Reassignment happens only on commit and timeout. We recommend using , and relying on a heartbeat if the commitOnGet=trueprocessing takes longer than 30 seconds.
Writing custom commit logic is complicated, and full of race conditions and considerations. There are many cases in which some internal state is changed, and the client is required to handle the situation.
Yes, StreamClient is thread-safe.
An instance of a consumer group is consider inactive if it doesn't send a heartbeat for more than 30 seconds, or the process is terminated.
When that happens, a rebalance within the consumer group occurs to handle the partitions previously consumed by the inactive instance.
Such an instance is considered a new instance. A rebalance is triggered, and the instance is assigned a partition to start consuming messages.
The Streaming service makes no guarantee about whether the same partition (the one assigned before termination) is reassigned to this instance.
The Streaming service provides "at-least-once" semantics with the consumer group. Consider when offsets are committed in a message loop. If a consumer crashes before committing a batch of messages, that batch might be given to another consumer. When a partition is given to another consumer, the consumer uses the latest committed offset to start consumption. The consumer doesn't get messages before the committed offset.
The Streaming service handles offset commits automatically for the consumer group when thegetCommitOnGetis set to true.
We recommend using this method because it reduces the application complexity; that is, the application should not implement any commit mechanism.
To overwrite this setting and implement a custom offset commit mechanism, set getCommitOnGetto false during when creating the consumer group.
CommitOnGet means that offsets from the previous request are committed. To illustrate this feature, consider the following example:
For a consumer A:
The orchestration system starts a new consumer B:
In this example, no messages were lost, but offsets 101–115 were processed at least once, which mean that they could have been processed more than once.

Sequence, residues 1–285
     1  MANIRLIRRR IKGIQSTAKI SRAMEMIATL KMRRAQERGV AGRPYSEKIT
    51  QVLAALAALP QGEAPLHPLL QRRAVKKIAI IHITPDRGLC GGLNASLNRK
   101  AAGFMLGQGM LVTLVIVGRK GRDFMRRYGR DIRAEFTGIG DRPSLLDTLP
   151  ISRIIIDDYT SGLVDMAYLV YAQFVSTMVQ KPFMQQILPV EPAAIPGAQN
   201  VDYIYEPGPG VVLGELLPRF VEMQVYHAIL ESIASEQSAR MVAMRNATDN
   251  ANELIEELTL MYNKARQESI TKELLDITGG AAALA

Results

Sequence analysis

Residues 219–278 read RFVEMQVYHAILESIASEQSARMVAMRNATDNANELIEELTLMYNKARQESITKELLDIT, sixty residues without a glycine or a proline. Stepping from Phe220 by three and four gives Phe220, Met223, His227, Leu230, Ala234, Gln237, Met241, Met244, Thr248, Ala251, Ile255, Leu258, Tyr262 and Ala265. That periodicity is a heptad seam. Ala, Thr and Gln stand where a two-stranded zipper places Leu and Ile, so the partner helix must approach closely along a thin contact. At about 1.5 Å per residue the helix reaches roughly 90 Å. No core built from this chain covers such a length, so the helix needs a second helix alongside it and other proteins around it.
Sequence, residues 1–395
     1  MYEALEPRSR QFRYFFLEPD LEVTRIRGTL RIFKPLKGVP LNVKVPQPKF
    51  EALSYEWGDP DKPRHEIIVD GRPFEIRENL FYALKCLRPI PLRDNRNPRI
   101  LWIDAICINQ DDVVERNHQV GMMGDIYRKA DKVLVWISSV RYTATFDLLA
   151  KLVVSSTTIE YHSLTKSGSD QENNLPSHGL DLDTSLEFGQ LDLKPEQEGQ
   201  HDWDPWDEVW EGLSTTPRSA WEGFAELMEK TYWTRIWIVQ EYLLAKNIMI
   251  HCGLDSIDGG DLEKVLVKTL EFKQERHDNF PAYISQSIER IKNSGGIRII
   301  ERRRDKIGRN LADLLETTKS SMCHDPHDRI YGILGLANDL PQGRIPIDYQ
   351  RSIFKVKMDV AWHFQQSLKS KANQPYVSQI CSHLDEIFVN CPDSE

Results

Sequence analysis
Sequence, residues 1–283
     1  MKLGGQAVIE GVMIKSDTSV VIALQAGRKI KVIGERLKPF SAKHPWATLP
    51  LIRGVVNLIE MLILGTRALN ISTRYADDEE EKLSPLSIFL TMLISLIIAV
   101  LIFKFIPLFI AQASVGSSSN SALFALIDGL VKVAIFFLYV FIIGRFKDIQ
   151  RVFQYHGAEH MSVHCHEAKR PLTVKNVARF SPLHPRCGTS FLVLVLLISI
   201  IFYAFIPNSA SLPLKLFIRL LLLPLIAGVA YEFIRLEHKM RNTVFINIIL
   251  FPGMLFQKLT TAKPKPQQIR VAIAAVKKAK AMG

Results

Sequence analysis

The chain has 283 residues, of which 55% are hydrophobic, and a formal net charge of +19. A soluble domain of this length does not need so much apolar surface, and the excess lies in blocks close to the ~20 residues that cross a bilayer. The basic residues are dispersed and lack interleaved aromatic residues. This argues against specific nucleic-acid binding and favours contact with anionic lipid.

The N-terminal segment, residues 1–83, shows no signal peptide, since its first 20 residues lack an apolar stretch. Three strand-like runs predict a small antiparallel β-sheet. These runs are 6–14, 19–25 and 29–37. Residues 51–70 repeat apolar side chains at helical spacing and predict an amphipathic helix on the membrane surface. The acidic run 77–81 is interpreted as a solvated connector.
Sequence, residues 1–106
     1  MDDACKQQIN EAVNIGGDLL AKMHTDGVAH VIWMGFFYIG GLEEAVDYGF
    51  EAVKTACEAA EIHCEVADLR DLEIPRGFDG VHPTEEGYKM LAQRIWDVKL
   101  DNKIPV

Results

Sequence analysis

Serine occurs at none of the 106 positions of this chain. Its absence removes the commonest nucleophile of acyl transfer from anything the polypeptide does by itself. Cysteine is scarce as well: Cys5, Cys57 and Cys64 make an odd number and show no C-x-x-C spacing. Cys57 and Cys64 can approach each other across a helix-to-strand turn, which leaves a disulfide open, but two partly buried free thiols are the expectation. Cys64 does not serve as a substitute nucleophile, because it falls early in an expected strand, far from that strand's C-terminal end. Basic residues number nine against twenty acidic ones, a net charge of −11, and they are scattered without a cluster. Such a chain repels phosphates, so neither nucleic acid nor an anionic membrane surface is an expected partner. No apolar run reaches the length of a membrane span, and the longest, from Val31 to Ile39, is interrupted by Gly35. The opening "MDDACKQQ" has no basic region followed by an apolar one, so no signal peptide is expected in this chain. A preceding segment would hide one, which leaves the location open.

In this example, a portion (15) of the messages might have been processed and might be redelivered to the new consumer after a fault Bevent, but no data is lost.
Currently, it's not possible to update an individual partition in a consumer group.
The current behavior of the updateGroup call is to reset committedOffset for all partitions, which causes unnecessary old message retrievals for the partitions that were assigned to the other healthy consumers.
In a consumer group, the instances that are consuming the messages need to send heartbeats before reaching the timeout of 30 seconds. If an instance fails to send a heartbeat, the Streaming service considers the instance inactive and triggers a reassignment of its partition.
A cursor retrieved from a committed call should have no offsets. Heartbeats extend the timeout of partitions in the cursor.
Doing a heartbeat against an empty cursor should do nothing. The previous committed cursor could trigger a rebalance.
If a cursor is committed, and then a heartbeat is done against the cursor (rather than the one returned by the commit call), it updates samethe timeouts for the offsets contained.
To recover from a failure, you must store the offset of the last message that you processed (for each partition) so that you can start consuming from that message if you need to restart your consumer.
Note: Do not store the cursor; they expire after 5 minutes.
We don't provide any guidance for storing the offset of the last message that you processed, so you can use whatever method you want (for example, another stream, Kiev, a file on your machine, or Object Storage).
When your consumer restarts, read the offset of the last message that you processed, and then create a cursor of type and AFTER_OFFSETspecify the offset that you just got.
We recommend customers allocate partitions slightly higher than their maximum throughput. This will help them to manage their application spikes as we currently don't support changing the number of partition once a stream is created.